The transition to remote learning has been a challenge for schools nationwide. As a community school, Children’s Aid College Prep Charter School (CACPCS) was uniquely equipped to guide staff, students, and families through this transition in the midst of a pandemic.
CACPCS, a Children’s Aid community school, utilizes a whole-child, trauma-informed approach to education. It was clear to the staff from the onset of the school’s closure in March that the uncertainty, disruption, and likely trauma created by COVID-19 had the potential to weaken many of the positive academic and social and emotional skills the students had gained earlier in the school year.
In order to provide stability for its students, the community school made a number of adjustments. Mentors, which the school calls Success Mentors, focused on attendance improvement earlier in the year, continued to check-in with students each day with a particular focus on those students who were struggling to remain regularly engaged in remote learning. Success Mentors made nearly 3,000 outreach calls to families from March 23 through June 22 to support students, their parents, and caregivers during remote learning. This allowed teachers to focus on teaching and learning. The school’s social workers (called Life Coaches) provided ongoing support to families when notified of confirmed cases of COVID-19 in the home or joblessness due to the shut-down. The Life Coaches offered grief counseling and made referrals to community supports.
The transition to remote learning transformed parents’ role in their children’s education overnight. As a result, partnering with parents and caregivers was crucial for maintaining a high level of student engagement. Weekly parent Zoom meetings from March through June provided parents with a space to come together for mutual support while providing school leadership with invaluable input and feedback on remote learning in real time. Parents had access to training and other opportunities for support in small groups and individually on topics ranging from coping strategies to how to navigate SeeSaw, a remote learning platform. The school’s co-teaching model, kept the student to teacher ratio at about 12:1, providing students with greater support and teachers with a more manageable work load.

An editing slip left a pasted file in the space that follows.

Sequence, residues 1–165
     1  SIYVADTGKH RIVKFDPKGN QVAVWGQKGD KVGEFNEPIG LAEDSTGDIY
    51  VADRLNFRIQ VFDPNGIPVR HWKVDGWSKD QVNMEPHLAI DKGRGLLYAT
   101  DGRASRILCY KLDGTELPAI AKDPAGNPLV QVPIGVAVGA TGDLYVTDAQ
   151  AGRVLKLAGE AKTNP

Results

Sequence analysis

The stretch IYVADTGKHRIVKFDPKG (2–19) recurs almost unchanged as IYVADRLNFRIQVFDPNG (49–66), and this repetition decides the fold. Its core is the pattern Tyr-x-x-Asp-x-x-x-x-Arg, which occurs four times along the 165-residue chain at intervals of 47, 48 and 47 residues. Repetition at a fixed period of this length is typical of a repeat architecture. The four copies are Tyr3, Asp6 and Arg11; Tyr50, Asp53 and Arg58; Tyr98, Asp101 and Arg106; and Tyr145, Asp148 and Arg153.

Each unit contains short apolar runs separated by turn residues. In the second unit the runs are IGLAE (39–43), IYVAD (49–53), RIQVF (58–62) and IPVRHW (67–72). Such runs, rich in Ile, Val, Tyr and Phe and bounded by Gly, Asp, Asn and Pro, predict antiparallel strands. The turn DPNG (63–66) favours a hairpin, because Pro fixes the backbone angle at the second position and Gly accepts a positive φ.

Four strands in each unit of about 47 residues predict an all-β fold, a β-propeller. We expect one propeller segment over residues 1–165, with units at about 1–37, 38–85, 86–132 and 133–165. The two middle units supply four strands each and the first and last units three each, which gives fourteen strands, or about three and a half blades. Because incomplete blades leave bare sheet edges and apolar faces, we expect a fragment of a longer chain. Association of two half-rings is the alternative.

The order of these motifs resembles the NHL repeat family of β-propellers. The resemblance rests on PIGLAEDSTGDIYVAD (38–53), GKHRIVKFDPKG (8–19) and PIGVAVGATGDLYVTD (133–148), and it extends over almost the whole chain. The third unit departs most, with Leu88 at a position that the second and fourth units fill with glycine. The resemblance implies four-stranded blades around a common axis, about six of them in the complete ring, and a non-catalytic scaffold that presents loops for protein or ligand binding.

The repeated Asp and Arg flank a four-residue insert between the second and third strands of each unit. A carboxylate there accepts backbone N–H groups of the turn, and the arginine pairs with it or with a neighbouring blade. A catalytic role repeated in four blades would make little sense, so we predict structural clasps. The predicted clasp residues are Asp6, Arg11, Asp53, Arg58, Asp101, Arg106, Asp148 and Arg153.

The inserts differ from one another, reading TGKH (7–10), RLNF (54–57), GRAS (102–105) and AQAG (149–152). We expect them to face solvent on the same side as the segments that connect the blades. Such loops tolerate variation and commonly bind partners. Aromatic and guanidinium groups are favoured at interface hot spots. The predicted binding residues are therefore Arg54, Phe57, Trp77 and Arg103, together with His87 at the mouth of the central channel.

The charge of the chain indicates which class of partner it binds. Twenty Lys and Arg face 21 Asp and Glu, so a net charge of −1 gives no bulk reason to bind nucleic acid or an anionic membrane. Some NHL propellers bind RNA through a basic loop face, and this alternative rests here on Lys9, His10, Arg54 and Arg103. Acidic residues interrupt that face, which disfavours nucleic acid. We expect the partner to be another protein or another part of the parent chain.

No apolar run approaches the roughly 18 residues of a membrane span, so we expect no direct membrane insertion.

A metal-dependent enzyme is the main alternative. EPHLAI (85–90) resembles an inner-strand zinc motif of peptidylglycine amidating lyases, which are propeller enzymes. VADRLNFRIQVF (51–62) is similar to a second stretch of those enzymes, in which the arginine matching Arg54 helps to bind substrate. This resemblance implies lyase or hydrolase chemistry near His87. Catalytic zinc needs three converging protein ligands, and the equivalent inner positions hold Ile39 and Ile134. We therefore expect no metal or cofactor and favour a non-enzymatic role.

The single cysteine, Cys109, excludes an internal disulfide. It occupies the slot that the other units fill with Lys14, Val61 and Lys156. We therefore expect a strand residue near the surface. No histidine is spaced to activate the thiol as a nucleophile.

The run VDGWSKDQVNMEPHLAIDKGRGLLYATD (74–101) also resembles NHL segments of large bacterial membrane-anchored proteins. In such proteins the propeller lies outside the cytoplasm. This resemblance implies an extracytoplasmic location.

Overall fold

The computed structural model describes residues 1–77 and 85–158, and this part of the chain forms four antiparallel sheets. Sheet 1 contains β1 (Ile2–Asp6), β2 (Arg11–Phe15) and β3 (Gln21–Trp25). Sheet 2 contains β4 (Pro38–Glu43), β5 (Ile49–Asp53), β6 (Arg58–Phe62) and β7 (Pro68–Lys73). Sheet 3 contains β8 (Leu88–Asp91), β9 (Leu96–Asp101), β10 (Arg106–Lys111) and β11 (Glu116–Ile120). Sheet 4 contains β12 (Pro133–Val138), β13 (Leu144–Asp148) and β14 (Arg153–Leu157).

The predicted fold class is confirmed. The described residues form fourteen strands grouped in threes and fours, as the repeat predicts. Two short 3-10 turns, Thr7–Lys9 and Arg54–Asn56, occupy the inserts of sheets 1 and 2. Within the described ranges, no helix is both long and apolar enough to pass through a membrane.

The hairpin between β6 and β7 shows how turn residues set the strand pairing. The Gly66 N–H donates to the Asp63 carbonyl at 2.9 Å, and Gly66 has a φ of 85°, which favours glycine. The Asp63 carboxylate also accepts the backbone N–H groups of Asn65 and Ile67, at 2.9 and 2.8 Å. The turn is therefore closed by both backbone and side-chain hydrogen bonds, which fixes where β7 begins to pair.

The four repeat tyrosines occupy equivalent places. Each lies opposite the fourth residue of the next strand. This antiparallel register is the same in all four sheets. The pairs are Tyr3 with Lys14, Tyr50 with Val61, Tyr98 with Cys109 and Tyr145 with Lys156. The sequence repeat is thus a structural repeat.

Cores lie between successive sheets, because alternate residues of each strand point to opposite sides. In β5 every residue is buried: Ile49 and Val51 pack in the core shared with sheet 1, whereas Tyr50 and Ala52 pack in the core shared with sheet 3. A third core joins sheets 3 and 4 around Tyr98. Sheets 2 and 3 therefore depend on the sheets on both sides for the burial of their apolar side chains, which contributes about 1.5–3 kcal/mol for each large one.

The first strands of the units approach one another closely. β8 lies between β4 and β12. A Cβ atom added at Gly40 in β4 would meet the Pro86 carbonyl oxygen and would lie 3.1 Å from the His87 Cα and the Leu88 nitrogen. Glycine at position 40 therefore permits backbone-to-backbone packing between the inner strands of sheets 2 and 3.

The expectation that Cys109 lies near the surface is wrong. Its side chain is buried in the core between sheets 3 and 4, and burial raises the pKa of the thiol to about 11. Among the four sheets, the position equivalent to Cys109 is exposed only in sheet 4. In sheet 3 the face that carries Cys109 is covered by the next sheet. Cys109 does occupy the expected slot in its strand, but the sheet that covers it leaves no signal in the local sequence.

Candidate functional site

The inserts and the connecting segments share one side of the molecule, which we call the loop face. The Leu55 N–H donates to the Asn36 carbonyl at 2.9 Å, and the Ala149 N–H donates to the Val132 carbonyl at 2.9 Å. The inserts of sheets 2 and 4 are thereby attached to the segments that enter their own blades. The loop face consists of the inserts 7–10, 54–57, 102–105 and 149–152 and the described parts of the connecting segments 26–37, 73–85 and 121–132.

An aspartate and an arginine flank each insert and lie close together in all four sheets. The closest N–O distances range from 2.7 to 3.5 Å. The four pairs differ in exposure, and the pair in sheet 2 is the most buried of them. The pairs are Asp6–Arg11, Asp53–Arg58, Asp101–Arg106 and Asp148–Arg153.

“How CACPCS was organized and staffed as a community school – and the fact that CACPCS had developed some core competencies as a community school – allowed us to respond to the unique set of challenges created by the COVID-19 crisis fairly effectively,” said Drema Brown, Head of School at CACPCS. “For example, the fact that all of the staff had been trained at the start of the year what trauma is, the effects of trauma on learning, and how to relate differently to students based on this understanding helped the staff understand how to support students and their families while practicing self care in the face of their own trauma as a result of COVID-19’s impact on everyone’s lives.”
Finally, CACPCS’s on-going investments in technology over the past several years allowed the school to be able to provide a tablet or Chromebook to any student who needed one for remote learning. This created greater equity across the board. The school distributed nearly 500 tablets and Chromebooks and nearly a dozen wifi “hotspots” from March through June.
“The principals and I prioritized listening to school stakeholders at every opportunity in order to understand their questions, concerns, and to receive their input and feedback as the situation progressed,” Brown said. “We tried to validate the needs of students, families, and staff to feel safe and protected, and we created many opportunities for school stakeholders to connect with one another to feel appreciated and valued under very difficult circumstances.”
In addition to increased training and coaching, staff were treated to wellness sessions, staff game nights, and virtual teacher appreciation events.
Students with special needs received support from paraprofessionals, virtual tutoring, and parent and caregiver workshops focused on how to support children based on their learning differences.
CACPCS also provided virtual tutoring and Spanish-bilingual workshops for parents of students who needed them.
The work to make sure students were prepared continued into the summer, when staff conducted transition sessions for all 5th and 8th graders to make sure they were ready to take the next steps to continue their education.
“The kind of work described could only occur because as a fully realized community school, CACPCS was already organized to deliver these supports and the staff had the core competencies in place to deliver them,” Brown said.